This is a story about history.
Shaped like a ring, the little knife was stamped “6,” which was its size. It had a tiny curved blade projecting from it and bore the words “Logan Smyth.” According to the lady at the flea market, the curious tool was a “paperboy knife,” worn by those who worked with bales of papers. The owner of such a ring could always have his blade safely at hand to sever twine.
There is an almost identical knife made by the Handy Twine Knife Company of Sandusky, Ohio, which has been in business for more than a hundred years. They have manufactured nothing but ring knives during all that time. According to the company’s history page, the knife was invented by a postal worker named James R. Caldwell in the late 1800s. Frustrated at his inability to “keep track of” his pocket knife while sorting mail for transportation by rail, he attached the blade of his knife to a copper band bent around his finger. (The Handy Twine Knife Company says this original knife is now on display at the Smithsonian Postal Museum.)
Caldwell is said to have founded Handy Twine shortly thereafter, to have recorded his first sale in 1904, and to have filed for a patent in 1910 (which was approved in 1912). But this begged the question: Where did “Logan Smyth” fit? The company was known to have manufactured, under contract to the U.S. government, some quantity of automatic MC-1 aircrew survival knives. Was Logan Smyth a competitor to the Handy Twine Knife Company?
Some online research eventually turned up Michael Furey, once president of Logan/Smyth Manufacturing. Mr. Furey explained that his grandfather and a business partner owned the Bates File Manufacturing Company, one of the largest makers of manicure implements in the world. At one time, Bates File made over 175 different nail-care products. The company also manufactured, for the United States government, ring knives with curved blades.
Mr. Furey’s father was with Bates File until 1981 and was responsible for the tooling for the ring knives. It was in 1981 that he, with his son Michael, started Logan/Smyth Manufacturing. “We took the ring knife contract away from Bates,” Michael Furey told me, “and kept it away from Bates because they couldn’t deliver the product in a timely fashion. We bid the contract to the General Services Administration in 1982 and held it until we closed in 2005.” While the Handy Twine Knife Company was making similar knives during this period, according to Mr. Furey, “the primary customer and the largest purchase of ring knives on the planet was the U.S. government.”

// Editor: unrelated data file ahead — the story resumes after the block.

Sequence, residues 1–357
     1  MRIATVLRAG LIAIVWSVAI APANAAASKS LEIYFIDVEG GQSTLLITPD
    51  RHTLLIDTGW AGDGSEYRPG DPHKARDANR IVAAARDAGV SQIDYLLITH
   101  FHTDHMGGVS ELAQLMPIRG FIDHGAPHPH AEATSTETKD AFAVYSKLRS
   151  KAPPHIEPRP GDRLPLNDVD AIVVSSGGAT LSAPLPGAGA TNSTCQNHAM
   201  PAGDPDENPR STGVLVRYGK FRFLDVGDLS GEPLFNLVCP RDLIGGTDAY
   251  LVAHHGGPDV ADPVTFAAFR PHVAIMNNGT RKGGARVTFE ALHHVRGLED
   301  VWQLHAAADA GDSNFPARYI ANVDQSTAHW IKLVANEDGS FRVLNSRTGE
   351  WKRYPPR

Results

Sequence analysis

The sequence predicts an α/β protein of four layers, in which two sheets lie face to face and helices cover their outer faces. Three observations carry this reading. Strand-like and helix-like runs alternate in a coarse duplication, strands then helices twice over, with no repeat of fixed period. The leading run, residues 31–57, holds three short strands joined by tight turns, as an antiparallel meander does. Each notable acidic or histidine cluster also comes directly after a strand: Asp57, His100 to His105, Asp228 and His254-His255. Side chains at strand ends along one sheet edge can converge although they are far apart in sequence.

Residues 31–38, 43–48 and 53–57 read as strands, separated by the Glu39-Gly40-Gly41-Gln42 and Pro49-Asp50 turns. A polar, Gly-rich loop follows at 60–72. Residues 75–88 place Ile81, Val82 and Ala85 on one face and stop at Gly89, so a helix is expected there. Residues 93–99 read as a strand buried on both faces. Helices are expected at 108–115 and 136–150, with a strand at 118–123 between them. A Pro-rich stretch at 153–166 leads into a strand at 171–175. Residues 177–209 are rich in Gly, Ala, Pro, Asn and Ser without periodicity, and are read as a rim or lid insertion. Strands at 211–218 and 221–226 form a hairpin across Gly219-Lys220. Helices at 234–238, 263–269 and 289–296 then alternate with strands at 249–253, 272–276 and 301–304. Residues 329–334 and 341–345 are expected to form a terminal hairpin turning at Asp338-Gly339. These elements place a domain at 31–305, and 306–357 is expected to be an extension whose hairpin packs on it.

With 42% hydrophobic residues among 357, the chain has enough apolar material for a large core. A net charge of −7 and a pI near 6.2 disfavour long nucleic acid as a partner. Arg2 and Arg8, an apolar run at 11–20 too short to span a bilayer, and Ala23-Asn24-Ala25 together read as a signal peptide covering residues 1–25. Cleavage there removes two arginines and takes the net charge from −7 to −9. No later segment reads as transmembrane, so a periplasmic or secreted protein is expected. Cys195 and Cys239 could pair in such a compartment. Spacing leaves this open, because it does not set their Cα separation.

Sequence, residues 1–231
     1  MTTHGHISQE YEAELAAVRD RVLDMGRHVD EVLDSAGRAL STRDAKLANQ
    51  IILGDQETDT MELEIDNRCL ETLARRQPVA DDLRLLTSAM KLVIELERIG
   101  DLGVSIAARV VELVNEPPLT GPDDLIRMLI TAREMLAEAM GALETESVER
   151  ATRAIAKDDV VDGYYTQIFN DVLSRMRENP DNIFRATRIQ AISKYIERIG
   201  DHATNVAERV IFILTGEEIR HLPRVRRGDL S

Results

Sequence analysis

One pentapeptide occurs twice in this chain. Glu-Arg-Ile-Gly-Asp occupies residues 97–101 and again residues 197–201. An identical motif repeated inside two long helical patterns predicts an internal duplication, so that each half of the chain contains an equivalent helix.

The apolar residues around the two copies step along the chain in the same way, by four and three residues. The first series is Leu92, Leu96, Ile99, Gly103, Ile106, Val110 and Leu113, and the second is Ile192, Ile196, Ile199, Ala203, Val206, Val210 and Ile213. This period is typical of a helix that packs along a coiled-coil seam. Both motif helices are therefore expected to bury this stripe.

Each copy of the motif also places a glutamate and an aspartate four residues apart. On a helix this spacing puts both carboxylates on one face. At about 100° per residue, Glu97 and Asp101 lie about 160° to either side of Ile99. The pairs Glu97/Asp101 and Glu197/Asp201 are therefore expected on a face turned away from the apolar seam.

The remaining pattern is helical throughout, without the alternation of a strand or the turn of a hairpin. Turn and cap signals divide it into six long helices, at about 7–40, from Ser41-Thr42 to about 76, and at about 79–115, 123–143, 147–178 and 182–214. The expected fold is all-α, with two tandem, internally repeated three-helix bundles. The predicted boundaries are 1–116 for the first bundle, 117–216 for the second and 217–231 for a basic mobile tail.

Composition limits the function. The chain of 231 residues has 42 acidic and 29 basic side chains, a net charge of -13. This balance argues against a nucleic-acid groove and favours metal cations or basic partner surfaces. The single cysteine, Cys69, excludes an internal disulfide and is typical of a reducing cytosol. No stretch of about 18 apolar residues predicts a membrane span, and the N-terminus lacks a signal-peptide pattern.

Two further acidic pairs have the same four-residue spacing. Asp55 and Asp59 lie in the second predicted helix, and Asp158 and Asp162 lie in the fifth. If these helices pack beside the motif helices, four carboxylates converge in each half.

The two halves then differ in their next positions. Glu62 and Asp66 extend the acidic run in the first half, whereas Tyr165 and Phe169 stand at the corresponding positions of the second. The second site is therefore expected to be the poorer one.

Of the Handy Twine Knife Company, Michael Furey said, “Handy Twine is a good company that makes a multitude of different knives. … I believe they primarily sold their ring knives to the newspaper industry for binding newspaper bundles.”
At the height of its production, Furey said, Logan/Smyth Manufacturing “shipped 125,000 to 150,000 knives a month in five different sizes to the government. Size 6 was the smallest, while sizes 8, 9, 10 and 12 were the largest. The 10s went to the military for the military postal service.” Logan/Smyth also made insulated drinkware, a myriad of nail-care implements and specialty items.
Changing times and changing budgets, however, ultimately saw the end of Logan/Smyth’s production of the ring knife. “The age of the Internet killed the need for the ring knife,” Furey explained. “We saw a down-tick in 2000 and 2001. The orders just dried up. The postal service is still getting creamed by the Internet. There’s less mail going out. This started back in 2000. They simply didn’t need the knives the way they used to. It wasn’t worth us even chasing the dies on the presses. We just stopped bidding.”
Logan/Smyth Manufacturing eventually closed in 2005 after the death of Michael Furey’s father and his mother’s subsequent illness. “I was president of Logan/Smyth from 1985 until it closed,” Furey stated. “It was a great living for a lot of people. Now … now I’m the last living member.”
This is a story about history – but the ring knife, and the company that once manufactured thousands upon thousands of these knives for the United States government, is not its point.
The point is, instead, that changing times doom many an industry … and many an enterprise. When times changed, a little tool like the ring knife became forgotten. It was unnecessary. Its time had passed.
This week, the United States Postal Service announced more than $5 billion in losses for the fiscal year. It projects staggering future losses unless something drastic is done to “save” the agency. The volume of mail it delivers continues to drop, all while the service it provides continues to slow and degrade. The truth is what too few wish to acknowledge: Like so many obsolete technologies, this once great service is now living on borrowed time.
Milkmen no longer deliver milk, in most cases – but we continue on, and we still drink the stuff. You can’t buy a computer with a floppy disk drive anymore (at least not easily), but most of us don’t notice. The CD and DVD are likewise vanishing, but few will mourn them.
The U.S. Postal Service is just another dying entity. Like the tools once manufactured to serve its needs, it has become obsolete. We can continue to shovel taxpayer dollars into its maw, hoping to stave off the inevitable … or we can heed the increasingly shrill cries of distress from its muted post horn.
The post office has become unnecessary. Its time, too, has passed. This is often a hard reality to accept, but everyone from individuals to employees to the presidents of once successful companies have come to terms with the idea. It’s time we acknowledged that this reality applies to the post office, too … and it’s time we moved on.